ly by Southern valor, that Southern soldiers and Southern letter-writers expect to defeat the cowardly "Lincolnites," and achieve their so-called freedom. A large number of the letters found were written from various portions of Tennessee, Alabama, and Mississippi, from which States the force at Fort Henry seems to have been made up. The number which made their escape was not less than from three to five thousand. Had they been less cowardly, the attack of the gunboats less terrible, or ay while he was gone to hunt the man they come and got long jim and tuck him to wait on them I don't know whether uncle jack will have to go or not, the company is done gone but uncle jack has got a furl he does want to hire a substitute, but they don't want to reserve one so I don't no whether he will go or not take good care of yourself and don't let the yankees get you," &c. Several other letters from Alabama speak of drafting, and complain in no measured terms of such an operation.
ed. The election of a Secretary of the Senate being in order, the following nominations were made: Mr. Sparrow, of Louisiana, nominated Richard Charles Downs, of Louisiana. Mr. Clark, of Missouri, nominated Andrew H. H. Dawson, of Alabama. Mr. Oldham, of Texas, nominated J. Johnson Hooper, of Alabama. Mr. Preston, of Virginia, nominated Jno L Eubank, of Virginia. Mr. Barnwell, of South Carolina, nominated James H. Nash, of South Carolina. The first ballot resuAlabama. Mr. Preston, of Virginia, nominated Jno L Eubank, of Virginia. Mr. Barnwell, of South Carolina, nominated James H. Nash, of South Carolina. The first ballot resulted as follows: Dawson, 6; Nash, 4; Hooper, 4; Eubank, 2; Downs, 2; Montague, 1. No candidate having a majority. Four additional ballots were had without an election. The following was the result of the sixth and last ballot, in detail. For Mr. Nash.--Messrs. Barnwell, Baker, Brown, Clark, Haynes, Henry, Hill, Hunter, Orr, Preston, and Simms--11. For Mr. Hooper--Messrs. Davis. Maxwell, Mitchell, Oldham, Peyton, and Sparrow--6. For Mr. Dawson--Messrs. Johnson and Dort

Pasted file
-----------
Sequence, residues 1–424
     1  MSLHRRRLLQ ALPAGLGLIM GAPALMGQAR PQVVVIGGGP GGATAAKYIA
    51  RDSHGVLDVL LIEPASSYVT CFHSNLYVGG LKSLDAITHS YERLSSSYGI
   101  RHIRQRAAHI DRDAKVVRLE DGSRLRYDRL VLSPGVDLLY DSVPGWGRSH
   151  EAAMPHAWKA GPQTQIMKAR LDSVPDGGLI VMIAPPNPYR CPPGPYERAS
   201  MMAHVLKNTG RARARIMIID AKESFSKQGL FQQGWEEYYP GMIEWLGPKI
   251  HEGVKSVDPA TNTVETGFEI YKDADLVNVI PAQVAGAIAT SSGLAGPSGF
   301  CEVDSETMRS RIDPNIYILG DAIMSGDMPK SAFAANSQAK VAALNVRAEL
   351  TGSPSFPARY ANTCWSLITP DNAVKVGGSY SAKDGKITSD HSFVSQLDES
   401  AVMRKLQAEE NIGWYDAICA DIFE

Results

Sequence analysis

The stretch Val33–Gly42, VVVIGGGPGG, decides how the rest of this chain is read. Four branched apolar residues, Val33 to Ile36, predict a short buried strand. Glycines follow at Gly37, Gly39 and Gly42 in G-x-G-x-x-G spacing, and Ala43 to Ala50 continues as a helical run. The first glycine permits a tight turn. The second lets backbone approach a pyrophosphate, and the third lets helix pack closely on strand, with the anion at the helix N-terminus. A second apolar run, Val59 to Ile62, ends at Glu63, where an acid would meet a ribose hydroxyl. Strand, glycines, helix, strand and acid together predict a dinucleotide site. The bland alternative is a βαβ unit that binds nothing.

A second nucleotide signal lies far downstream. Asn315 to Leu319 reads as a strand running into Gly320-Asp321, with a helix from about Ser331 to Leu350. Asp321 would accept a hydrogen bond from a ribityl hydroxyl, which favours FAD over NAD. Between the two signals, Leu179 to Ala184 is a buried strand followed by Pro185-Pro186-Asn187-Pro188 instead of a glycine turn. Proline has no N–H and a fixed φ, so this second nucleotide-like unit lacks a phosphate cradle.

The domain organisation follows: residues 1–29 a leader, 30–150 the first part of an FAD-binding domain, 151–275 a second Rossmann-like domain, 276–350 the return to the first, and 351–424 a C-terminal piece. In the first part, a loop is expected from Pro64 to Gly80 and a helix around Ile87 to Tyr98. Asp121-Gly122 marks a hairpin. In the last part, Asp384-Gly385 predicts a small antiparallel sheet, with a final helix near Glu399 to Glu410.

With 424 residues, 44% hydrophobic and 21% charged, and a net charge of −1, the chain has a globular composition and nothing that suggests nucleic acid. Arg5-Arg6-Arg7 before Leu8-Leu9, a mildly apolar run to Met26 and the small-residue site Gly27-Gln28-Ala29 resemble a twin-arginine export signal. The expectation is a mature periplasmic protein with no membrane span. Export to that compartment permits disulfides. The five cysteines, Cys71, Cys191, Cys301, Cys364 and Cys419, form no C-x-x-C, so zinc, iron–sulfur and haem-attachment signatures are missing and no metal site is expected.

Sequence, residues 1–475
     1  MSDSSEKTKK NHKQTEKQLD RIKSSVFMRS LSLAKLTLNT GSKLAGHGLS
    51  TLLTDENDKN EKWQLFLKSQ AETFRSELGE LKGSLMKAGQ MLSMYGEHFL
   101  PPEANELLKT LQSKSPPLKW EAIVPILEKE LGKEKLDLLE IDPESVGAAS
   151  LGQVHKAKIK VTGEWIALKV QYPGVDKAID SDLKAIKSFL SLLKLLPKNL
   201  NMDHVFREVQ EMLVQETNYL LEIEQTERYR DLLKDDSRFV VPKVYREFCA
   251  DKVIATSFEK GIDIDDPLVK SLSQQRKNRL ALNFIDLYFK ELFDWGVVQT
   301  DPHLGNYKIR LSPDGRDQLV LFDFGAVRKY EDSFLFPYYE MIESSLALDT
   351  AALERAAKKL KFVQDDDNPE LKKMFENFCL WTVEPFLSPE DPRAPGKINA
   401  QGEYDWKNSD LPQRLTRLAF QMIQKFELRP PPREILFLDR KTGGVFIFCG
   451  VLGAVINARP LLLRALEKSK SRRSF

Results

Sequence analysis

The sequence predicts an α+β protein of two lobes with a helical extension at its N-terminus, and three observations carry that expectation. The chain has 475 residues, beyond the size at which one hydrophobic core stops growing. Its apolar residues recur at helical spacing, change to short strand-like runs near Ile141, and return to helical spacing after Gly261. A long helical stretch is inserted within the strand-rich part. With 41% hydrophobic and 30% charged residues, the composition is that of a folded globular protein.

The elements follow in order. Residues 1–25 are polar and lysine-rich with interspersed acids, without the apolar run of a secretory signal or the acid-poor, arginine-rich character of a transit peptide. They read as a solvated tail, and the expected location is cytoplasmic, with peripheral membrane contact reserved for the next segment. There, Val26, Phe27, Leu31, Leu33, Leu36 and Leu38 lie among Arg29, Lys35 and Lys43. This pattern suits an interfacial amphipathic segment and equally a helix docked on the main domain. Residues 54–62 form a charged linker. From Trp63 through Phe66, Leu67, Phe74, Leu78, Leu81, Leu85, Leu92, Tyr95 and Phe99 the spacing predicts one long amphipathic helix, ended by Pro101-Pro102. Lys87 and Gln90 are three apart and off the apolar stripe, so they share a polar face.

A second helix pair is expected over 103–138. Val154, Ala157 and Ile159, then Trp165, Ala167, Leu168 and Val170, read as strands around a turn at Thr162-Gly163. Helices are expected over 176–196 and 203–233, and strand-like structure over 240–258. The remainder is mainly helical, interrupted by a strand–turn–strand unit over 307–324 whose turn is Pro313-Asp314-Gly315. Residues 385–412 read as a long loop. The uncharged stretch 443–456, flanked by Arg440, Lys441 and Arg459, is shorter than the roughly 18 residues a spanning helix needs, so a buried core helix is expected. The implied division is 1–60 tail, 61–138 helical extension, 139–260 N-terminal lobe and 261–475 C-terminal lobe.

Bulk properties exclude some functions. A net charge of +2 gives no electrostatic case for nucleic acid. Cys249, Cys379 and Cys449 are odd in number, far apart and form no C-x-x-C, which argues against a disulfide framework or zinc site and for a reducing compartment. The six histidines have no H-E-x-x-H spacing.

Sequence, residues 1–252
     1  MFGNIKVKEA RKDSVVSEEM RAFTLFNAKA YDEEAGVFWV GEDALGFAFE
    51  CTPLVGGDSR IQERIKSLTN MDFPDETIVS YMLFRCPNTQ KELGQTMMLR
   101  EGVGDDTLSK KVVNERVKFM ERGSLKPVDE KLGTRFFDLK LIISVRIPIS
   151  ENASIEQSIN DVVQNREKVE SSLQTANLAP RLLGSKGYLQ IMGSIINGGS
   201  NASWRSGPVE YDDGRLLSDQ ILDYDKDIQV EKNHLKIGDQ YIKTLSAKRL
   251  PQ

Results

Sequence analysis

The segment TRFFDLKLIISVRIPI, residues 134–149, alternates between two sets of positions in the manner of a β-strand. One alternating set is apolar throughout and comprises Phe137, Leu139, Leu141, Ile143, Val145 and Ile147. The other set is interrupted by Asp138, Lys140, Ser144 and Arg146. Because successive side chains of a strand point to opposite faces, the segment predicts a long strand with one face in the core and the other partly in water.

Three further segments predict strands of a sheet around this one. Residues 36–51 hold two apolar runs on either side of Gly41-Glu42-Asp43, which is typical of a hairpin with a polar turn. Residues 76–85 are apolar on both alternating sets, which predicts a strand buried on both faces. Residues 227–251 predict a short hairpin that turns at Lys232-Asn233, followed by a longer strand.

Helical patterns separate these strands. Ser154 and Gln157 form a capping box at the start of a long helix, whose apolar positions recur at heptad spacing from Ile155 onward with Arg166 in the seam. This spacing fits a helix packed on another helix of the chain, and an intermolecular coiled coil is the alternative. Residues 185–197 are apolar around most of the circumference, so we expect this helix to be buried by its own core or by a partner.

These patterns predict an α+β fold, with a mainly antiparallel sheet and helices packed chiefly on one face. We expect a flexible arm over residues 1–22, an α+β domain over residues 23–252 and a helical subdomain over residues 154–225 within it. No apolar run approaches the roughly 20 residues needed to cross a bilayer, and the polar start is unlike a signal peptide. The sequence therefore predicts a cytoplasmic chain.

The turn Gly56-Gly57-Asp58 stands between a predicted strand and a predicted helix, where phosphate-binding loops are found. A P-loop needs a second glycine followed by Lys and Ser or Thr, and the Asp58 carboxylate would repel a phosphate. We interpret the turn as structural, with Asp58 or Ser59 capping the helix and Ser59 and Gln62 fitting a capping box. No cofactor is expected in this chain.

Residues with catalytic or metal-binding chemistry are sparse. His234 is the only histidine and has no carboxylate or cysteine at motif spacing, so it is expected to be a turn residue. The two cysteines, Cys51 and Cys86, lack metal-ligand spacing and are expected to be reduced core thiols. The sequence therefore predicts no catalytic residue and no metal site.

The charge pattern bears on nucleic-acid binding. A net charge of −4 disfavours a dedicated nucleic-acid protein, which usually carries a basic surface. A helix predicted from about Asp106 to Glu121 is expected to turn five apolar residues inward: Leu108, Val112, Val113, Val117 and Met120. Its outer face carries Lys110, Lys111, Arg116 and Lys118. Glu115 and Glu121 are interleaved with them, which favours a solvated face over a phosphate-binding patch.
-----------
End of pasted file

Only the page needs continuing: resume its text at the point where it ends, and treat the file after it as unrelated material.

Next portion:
ell also of the self-sacrifice, patriotism, and enlarged statement ship of the Congress which inaugurated the permanent Constitution of this Southern Confederacy. Again, I thank you. When the Speaker had concluded his marks, Mr. Cury, of Alabama, moved the House proceed to the election of a Clerk and put in nomination Mr. Emmett Dixon of Georgia. Mr. Pryon, of Virginia, nominated Mr. W. Cluskey, of Tennessee, and supported the nomination earnestly. Mr. Lyons, of Virginia, non 17. Mr. Dixon having received a majority of the votes call was duly declared elected Clerk of the State of Representatives. Mr. Russell of Virginia, moved that House process the election of a and the choice call upon Mr. R. H. Wyne Alabama. Thus ended the organization of the permanent Congress of our new Government body upon which rests on a graver respectability than ever before a burdened the mind body, and who process of a deliberated to with the keenest acceding will be l